Lend me a tenor, and a so­prano too, if you have one go­ing spare

Sunday Independent (Ireland) - - News - Emer O’Kelly Emer O’Kelly is the Sun­day In­de­pen­dent Drama critic

‘TO lose one tenor may be re­garded as a mis­for­tune; to lose a so­prano as well may be con­sid­ered care­less­ness.”

Per­haps singers as­so­ci­ated with Verdi’s Aida will hence­forth re­fer to it as “the Egyp­tian opera” for fear of call­ing down a curse on the pro­duc­tion.

You couldn’t in­vent the dis­as­ters which hap­pened last week to the Irish Na­tional Opera (INO). Un­der its artis­tic direc­tor Fer­gus Sheil, INO seemed set to con­tinue its storm­ing progress with its big­gest un­der­tak­ing to date — an am­bi­tious ver­sion of Aida at the Bord Gais En­ergy Theatre in Dublin.

The first per­for­mance, we are re­li­ably in­formed, went off splen­didly as ex­pected.

But last Tues­day, dis­as­ter struck. Tenor Gwyn Hughes Jones be­came ill — too ill to sing the lead role of Radames on the night. Would the com­pany be forced to can­cel the per­for­mance? Would they heck. The show must go on!

One can only imag­ine the ded­i­ca­tion and de­ter­mi­na­tion in­volved — es­pe­cially when you re­alise that he did not have an un­der­study.

But at lunchtime, the Ital­ian tenor, Ste­fano La Colla, a Verdi vet­eran, an­swered the call and touched down in Dublin on a flight from Mi­lan. He walked the stage with direc­tor Michael Bark­erCaven and de­signer Joe Vanek in or­der to mem­o­rise the phys­i­cal haz­ards which might —lit­er­ally — trip him up that evening.

And af­ter that there was a dash into town to Louis Copeland, who opened his en­tire stock to the stricken com­pany to pro­vide “suit­ings” fit­ted to a re­turn­ing war hero. (For­tu­nately, this Aida was de­signed in modern dress.)

Com­pany ex­ec­u­tive direc­tor Diego Fas­ciati ex­plained the cri­sis to the au­di­ence be­fore cur­tainup, lead­ing to a hugely warm wel­come for La Colla, who per­formed glo­ri­ously and would have de­served the wel­come even if fully re­hearsed. But more was to come. So­prano Orla Boy­lan was singing a mag­nif­i­cently full and heart­felt Aida for acts one and two. But af­ter the in­ter­val, Fas­ciati ap­peared again, to an­nounce that Orla Boy­lan was ill, and had PAS­SION: Clock­wise from above, a stand­ing ova­tion for Orla Boy­lan, Gwyn Hughes Jones, Ste­fano La Colla, and Christina Nils­son been since morn­ing, but had been de­ter­mined to sing as much of the per­for­mance as she could man­age. No­body would even have guessed that she was in less than per­fect health. But for acts three and four, the com­pany brought on Swedish so­prano Christina Nils­son to sing stage front-right, lit by a sin­gle spot­light, while Boy­lan mutely walked the role on­stage. Nils­son had ar­rived in Dublin at 6pm. Her voice was rich, lighter, and lyric — and won­der­fully im­pres­sive as a very dif­fer­ent Aida.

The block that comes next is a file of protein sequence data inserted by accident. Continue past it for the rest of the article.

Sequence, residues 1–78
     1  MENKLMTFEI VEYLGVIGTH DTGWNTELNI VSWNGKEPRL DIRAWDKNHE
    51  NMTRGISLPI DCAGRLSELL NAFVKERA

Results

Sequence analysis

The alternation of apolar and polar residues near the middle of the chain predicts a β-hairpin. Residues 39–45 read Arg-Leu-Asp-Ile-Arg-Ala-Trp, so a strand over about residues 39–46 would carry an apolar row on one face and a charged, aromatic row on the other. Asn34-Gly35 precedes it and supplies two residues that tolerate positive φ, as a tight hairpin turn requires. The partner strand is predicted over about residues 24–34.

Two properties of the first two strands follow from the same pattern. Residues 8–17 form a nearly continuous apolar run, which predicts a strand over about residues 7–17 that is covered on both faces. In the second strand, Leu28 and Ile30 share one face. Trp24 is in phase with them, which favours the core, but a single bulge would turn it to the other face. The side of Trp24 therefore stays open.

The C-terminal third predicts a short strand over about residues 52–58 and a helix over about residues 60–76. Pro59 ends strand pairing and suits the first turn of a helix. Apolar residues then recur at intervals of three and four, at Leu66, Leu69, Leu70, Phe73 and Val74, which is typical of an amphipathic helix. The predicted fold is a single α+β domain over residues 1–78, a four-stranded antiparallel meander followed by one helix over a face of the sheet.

The com­pany’s re­cov­ery was a tri­umph of heroic pro­por­tions — and will go down in the an­nals of Irish opera to be­come a leg­end sur­pass­ing even the night when the Wex­ford Opera House was in­vaded by hun­dreds of star­lings, or the 1970s per­for­mance there of The Mar­riage of Fi­garo (I think) when half the cast landed on their bums due to a too heav­ily raked and pol­ished stage.

But this is not a re­view. It is a trib­ute — it could be noth­ing less, with all in­volved sur­mount­ing al­most in­su­per­a­ble odds to tri­umph over an im­pos­si­bly try­ing sit­u­a­tion, from the RTE Con­cert or­ches­tra un­der Fer­gus Sheil, through Imelda Drumm re­main­ing im­per­turbably tor­mented as the jeal­ous Am­neris and Ivan In­ver­ardi as the darkly com­plex Amonasro.

Irish Na­tional Opera, along with ev­ery­one in­volved in this mam­moth pro­duc­tion, have given opera au­di­ences an ob­ject les­son in the grit, com­mit­ment and drive in­volved in mak­ing mem­o­rable art.

Art isn’t ca­sual or easy: it re­quires de­ter­mi­na­tion and pas­sion, and opera is per­haps the most de­mand­ing (as well as the most ex­pen­sive) of all art forms.

It can’t be played at: heart, mind, body and soul are re­quired, and if ever there was a man­i­fes­ta­tion of blood, sweat and tears in op­er­a­tion, it was last Tues­day night on the stage of the Bord Gais En­ergy Theatre in Dublin.

And by the way, Orla Boy­lan and Gwyn Hughes Jones are mak­ing sep­a­rate speedy re­cov­er­ies.

‘Art isn’t ca­sual or easy: it re­quires de­ter­mi­na­tion and pas­sion — and opera is the most de­mand­ing of all art forms...’

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